Importantly, among primary care patients already referred to a BHP, determining probable PTSD status yielded greater knowledge about the patients' current physical health. Dizziness and chest pain, greater problems with sleeping, and headaches were specific symptoms that were significantly more likely to be endorsed by patients with elevated PTSD symptoms. Not surprisingly, given that PTSD has historically been diagnostically grouped with the anxiety disorders, both the PTSD-likely and the PTSD-possible groups self-reported more anxiety-related psychopathology. When examining depressive symptoms, the PTSD-likely group differed from the 2 other groups with a mean depression score in the severe range. However, even the PTSD-unlikely group had mean depression scores in the moderate range. Assessing and targeting symptoms of depression is an important component of integrated care. Of note, the PTSD-likely group also reported significantly more thoughts of suicide within the past 2 weeks. Our group-specific findings are consistent with research documenting the specific association of PTSD with increased suicide risk.24 Implementing brief trauma assessments might aid suicide prevention efforts with particularly vulnerable patients. As a next step, piloting a universal screening for trauma symptoms could determine whether these findings generalize to the broader primary care patient population. Greater use of and comfort with brief trauma symptom and self-harm assessments, in conjunction with universal screening for depression, are needed by both BHPs and PCPs in primary care and hospital settings.
The 3 PTSD groups also differed in endorsements of particular stressors. The PTSD-possible group had more financial problems while both the PTSD-possible and PTSD-likely groups were more likely to endorse poor access to health care services than the PTSD-unlikely group. One possible explanation for this latter finding is that patients within the PTSD-possible and PTSD-likely groups may be perceiving the health care system as failing to adequately address all aspects of their physical and mental health. It is worth noting that many of the patient endorsed stressors that are also barriers to traditional approaches to delivering mental health care; for example, financial issues and employment problems likely make it challenging to pay for standard 8- to 12-session treatment protocols in a setting devoted to mental health. Integration of mental and BH services into routine health care practice—including adoption of trauma-informed care principles—may improve access, service satisfaction, and overall well-being within vulnerable populations.
The current study is one of the first to consider how self-perceptions of resiliency might differ among patients with varying levels of PTSD symptoms. Of note, patients in the PTSD-likely group self-reported significantly reduced resiliency. Adding resiliency-enhancing strategies, such as emphasizing patients' strengths and promoting frequent self-care activities, to routine integrated health care is likely to be beneficial. Given its positive rather than symptom-centric nature, a focus on resiliency might be particularly well received by primary care patients who are typically accessing 1 same-day appointment with a BHP.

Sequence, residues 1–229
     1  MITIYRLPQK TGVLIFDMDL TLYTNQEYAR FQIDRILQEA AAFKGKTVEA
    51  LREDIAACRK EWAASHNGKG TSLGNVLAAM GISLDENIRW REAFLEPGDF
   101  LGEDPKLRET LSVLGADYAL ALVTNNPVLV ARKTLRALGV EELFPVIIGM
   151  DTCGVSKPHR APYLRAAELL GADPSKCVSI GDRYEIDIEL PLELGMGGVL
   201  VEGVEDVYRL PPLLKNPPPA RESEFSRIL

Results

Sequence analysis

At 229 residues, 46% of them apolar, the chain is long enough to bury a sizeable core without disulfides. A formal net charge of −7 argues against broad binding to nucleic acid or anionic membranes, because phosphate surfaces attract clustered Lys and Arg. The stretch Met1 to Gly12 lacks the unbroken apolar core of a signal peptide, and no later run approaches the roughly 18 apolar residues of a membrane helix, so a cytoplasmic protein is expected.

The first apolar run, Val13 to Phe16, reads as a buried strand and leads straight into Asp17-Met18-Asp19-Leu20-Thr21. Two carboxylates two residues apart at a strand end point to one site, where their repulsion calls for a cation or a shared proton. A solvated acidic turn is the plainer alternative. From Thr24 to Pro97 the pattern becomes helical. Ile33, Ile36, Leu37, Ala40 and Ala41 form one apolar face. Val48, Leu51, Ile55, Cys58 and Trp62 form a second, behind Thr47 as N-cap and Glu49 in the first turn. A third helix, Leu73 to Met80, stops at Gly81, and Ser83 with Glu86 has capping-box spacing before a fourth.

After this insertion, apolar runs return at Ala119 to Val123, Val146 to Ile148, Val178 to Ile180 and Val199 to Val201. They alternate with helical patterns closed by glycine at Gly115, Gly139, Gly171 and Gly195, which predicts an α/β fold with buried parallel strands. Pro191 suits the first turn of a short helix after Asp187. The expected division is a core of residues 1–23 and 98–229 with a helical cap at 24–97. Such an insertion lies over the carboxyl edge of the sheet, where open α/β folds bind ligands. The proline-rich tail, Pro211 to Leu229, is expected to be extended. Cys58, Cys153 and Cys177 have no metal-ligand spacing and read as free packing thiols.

Implications for Policy & Practice
- Administration of a brief PTSD symptom screener by an on-site BHP as part of routine integrated practice provides potential solutions to common concerns regarding trauma screening (eg, time, lack of resources) that is operationally feasible and more appealing to PCPs.
- Knowledge gained via stressor and trauma screening provides useful contextual information about the physical and behavioral health symptoms of patients presenting to primary care.
- Including an assessment of resiliency might help providers focus on patients' strengths while identifying patients who need to develop enhanced coping skills.
- Finally, in the context of the DHOS and the Gulf Region Health Outreach Program, the current study illustrates the complex health needs of vulnerable FQHC patients living along the Gulf Coast. The findings emphasize the importance of mental health integration and trauma-informed health care to promote population health and community resilience in underresourced areas.
In sum, these findings highlight the link between mental and physical health, substantiate the need for interdisciplinary health teams who are trained to be trauma-sensitive, and support the importance of considering patient levels of stress and trauma in primary care settings. A broader population-based assessment of stress level, if not trauma symptoms specifically, might be best initiated in places with on-site BH services. As stress level and trauma symptom information can be obtained with 3 questions (1 on overall stress and 2 to assess for PTSD symptoms), the time involved is minimal. Routine screening for trauma symptoms—even in patients not referred to the BHP—may provide information that can enhance treatment plans. The results are also consistent with the national push for trauma-informed and patient-centered care.25 Initiating trainings on how to provide trauma-sensitive health care could benefit patients, providers, and the health care system as a whole.26
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Keywords:Copyright © 2017 Wolters Kluwer Health, Inc. All rights reserved.
federally qualified health centers (FQHC); primary care; PTSD; trauma-informed; vulnerable populations